As previously indicated, FIG. 1 also illustrates one embodiment of a prior art PDS device having a fixed center of rotation. The PDS device generally includes a first member 20 that is coupled to a first vertebra, e.g., the superior vertebra 60 s, and a second member 30 that is coupled to a second vertebra, e.g., the inferior vertebra 60 i. The first and second members 20, 30 are movably coupled to one another by sliding pins that are slidably disposed through lateral members. In use, the first and second members 20, 30 cooperate to control movement of the superior and inferior vertebrae 60 s, 60 i relative to one another, and in particular they allow at least some flexion, extension, and lateral bending of the vertebrae 60 s, 60 i, while substantially restricting posterior-anterior shear and rotation of the vertebrae 60 s, 60 i. The PDS device is described in more detail in U.S. patent application Ser. No. 10/908,882 filed on May 31, 2005 and entitled “Facet Joint Replacement.”Other exemplary embodiments of PDS devices having a fixed center of rotation are also disclosed in U.S. patent application Ser. No. 10/908,882, as well as U.S. patent application Ser. No. 10/905,376 filed on Dec. 30, 2004 and entitled “Posterior Stabilization System.” These applications are assigned to DePuy Spine, Inc., and they are hereby incorporated by reference in their entireties.

As indicated above, in other embodiments the PDS device can have a floating center of rotation, i.e. one or more joints on the PDS device can allow movement along a center of rotation that moves and thus is not fixed. FIG. 3 illustrates one embodiment of a prior art PDS device having a floating center of rotation. As shown, the device 310 generally includes first and second flexible members 312, 314, also referred to as dynamic stabilizing elements, and first and second connectors 316, 318, also referred to as stabilizing rods. As shown in FIG. 3B, the device 310 is coupled to superior and inferior vertebrae 360, 362 such that it is effective to perform the function of the posterior elements that connect the vertebrae, or to otherwise control movement of the vertebrae 360, 362. More particularly, the first connector 316, hereinafter referred to as the superior connector 316, is coupled to the superior vertebra 360, and the second connector 318, hereinafter referred to as the inferior connector 318, is coupled to the inferior vertebra 362. The superior and inferior connectors 316, 318 extend through the first and second flexible members 312, 314, such that the connectors 316, 318 are coupled to one another via the flexible members 312, 314. As a result, the connectors 316, 318 and the flexible members 312, 314 are effective to control movement of the vertebrae 360, 362 relative to one another, thereby functioning in place of the posterior elements. In an exemplary embodiment, the flexible members 312, 314 are movable, e.g., rotatable and/or slidable, but preferably not deformable, relative to at least one of the connectors, e.g., the superior connector 316, when the vertebrae 360, 362 are moved within a first range of motion, and at least one of the connectors, e.g., the superior connector 316, is effective to deform, e.g., stretch, rotate, etc., the flexible members 312, 314, or otherwise create resistance, when the superior and inferior vertebrae 360, 362 are moved within a second range of motion beyond the first range of motion. As a result, the PDS device 310 has a floating center of rotation.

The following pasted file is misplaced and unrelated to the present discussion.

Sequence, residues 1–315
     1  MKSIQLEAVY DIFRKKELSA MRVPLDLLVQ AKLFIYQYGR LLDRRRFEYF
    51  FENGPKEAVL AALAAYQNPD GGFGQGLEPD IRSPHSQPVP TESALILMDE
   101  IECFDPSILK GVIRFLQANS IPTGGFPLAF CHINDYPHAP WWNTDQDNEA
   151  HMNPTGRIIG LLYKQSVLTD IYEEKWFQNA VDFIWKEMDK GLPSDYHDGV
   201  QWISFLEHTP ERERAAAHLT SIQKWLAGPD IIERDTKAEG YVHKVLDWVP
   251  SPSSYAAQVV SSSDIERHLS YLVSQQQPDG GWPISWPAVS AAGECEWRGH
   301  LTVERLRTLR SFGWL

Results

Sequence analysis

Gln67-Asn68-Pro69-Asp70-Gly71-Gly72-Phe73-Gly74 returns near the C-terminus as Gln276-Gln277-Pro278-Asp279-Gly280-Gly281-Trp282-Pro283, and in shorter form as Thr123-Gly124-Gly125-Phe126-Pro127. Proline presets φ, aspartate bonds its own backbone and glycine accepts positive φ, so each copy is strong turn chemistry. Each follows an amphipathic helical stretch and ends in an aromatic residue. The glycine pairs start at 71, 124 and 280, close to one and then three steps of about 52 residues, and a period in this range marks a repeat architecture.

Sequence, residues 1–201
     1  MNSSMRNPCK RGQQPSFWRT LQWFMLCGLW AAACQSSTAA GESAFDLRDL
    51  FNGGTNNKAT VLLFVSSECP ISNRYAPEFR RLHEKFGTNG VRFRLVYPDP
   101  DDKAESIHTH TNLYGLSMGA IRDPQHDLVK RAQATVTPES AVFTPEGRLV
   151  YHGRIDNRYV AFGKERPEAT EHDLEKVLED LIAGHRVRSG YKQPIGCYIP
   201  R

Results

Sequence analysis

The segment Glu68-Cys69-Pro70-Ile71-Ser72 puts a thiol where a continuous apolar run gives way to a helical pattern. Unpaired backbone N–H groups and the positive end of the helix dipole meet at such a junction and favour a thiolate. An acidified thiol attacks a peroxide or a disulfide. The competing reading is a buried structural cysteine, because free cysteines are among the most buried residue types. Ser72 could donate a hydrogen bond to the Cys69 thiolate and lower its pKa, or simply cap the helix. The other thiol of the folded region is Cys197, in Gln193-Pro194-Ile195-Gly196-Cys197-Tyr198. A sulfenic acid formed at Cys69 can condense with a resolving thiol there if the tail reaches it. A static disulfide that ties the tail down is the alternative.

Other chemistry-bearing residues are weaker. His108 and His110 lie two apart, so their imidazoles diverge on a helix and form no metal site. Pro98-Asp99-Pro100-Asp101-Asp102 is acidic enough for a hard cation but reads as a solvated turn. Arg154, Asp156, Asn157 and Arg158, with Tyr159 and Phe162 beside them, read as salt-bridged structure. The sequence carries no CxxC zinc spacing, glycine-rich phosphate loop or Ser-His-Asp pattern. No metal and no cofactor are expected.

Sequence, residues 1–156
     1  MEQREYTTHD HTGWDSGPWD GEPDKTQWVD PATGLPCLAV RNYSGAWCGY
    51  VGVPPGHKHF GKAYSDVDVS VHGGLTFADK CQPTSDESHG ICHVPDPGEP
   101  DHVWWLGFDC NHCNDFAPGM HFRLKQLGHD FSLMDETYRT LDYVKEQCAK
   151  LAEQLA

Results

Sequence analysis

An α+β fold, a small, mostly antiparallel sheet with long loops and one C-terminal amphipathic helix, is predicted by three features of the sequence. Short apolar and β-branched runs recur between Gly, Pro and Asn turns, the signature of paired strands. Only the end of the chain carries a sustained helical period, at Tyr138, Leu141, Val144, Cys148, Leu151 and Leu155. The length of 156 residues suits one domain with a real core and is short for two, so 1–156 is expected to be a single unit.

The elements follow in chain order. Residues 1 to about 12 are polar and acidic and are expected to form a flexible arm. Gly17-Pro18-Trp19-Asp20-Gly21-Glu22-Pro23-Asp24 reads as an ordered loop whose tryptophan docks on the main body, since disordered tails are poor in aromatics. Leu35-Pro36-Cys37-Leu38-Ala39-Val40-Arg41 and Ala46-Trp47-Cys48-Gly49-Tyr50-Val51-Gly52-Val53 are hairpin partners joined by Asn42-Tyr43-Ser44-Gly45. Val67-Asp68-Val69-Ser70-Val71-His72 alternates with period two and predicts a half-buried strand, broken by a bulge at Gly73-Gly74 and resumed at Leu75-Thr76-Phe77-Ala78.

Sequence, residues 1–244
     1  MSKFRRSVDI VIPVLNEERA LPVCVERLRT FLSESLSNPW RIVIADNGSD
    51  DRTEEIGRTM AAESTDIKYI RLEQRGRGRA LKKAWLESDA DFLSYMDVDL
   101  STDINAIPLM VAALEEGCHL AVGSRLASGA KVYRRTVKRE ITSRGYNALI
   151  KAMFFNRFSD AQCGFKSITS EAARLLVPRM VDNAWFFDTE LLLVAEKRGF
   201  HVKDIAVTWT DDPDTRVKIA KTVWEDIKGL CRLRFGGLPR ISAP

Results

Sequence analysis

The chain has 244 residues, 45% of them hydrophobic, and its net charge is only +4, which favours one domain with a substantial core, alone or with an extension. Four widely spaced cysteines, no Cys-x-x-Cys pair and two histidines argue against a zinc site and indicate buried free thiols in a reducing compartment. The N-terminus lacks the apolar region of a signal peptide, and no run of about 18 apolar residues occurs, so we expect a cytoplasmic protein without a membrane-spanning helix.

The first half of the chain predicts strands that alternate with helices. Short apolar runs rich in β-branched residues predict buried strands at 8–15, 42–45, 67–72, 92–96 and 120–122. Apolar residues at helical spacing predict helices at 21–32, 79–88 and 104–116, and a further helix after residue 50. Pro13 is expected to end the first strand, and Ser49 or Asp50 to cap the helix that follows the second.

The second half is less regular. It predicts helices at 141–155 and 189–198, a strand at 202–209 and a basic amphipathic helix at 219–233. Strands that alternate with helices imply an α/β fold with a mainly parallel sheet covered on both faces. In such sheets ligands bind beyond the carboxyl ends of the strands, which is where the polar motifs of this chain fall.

Other exemplary embodiments of PDS devices having a floating center of rotation are disclosed in U.S. patent application Ser. No. 11/160,139 filed on Jun. 10, 2005 and entitled “Posterior Dynamic Stabilization X-Device,” U.S. patent application Ser. No. 11/160,143 filed on Jun. 10, 2005 and entitled “Posterior Dynamic Stabilization Systems and Methods,” U.S. patent application Ser. No. 10/908,882 filed on May 31, 2005 and entitled “Facet Joint Replacement,” U.S. patent Ser. No. 10/905,374 filed on Dec. 30, 2004 and entitled “Artificial Facet Joint,” and U.S. patent Ser. No. 10/955,207 filed on Sep. 30, 2004 and entitled “Posterior Stabilization Systems And Methods.” These applications are all assigned to DePuy Spine, Inc., and they are hereby incorporated by reference in their entireties.

Methods for Implanting Motion Segment Repair Systems

As previously explained, the present invention generally provides methods for implanting a spinal disc implant and/or a PDS device, such as those previously described, using a posterior surgical approach. FIGS. 4-5C illustrate exemplary methods and devices for distracting adjacent vertebrae using a posterior surgical approach, and FIGS. 6A-9B illustrate exemplary methods and devices for posteriorly introducing a spinal implant into a disc space between adjacent vertebrae. Exemplary methods can also include coupling a PDS device to the adjacent vertebrae, thereby providing a complete motion segment repair system that is implanted using a posterior surgical approach.

Posterior Distraction

FIG. 4 illustrates one exemplary method for distracting two adjacent vertebrae for implanting a disc implant therebetween. In general, the method includes implanting a first pair of distraction anchors (only one anchor 420 a is shown) in opposed lateral sides of a first vertebra 430 a, and implanting a second pair of distraction anchors (only one anchor 420 b is shown) in opposed lateral side of a second vertebra 430 b. The distraction anchors can be implanted using techniques known in the art, for example, by drilling holes in the vertebrae for receiving the anchors at the desired implant site. Once the anchors are implanted, they can used to distract the vertebrae to create space for the disc implant. The anchors can also receive bone screws (only two bone screws 410 a, 410 b are shown) there over to allow a PDS device to be attached to the vertebrae 430 a, 430 b.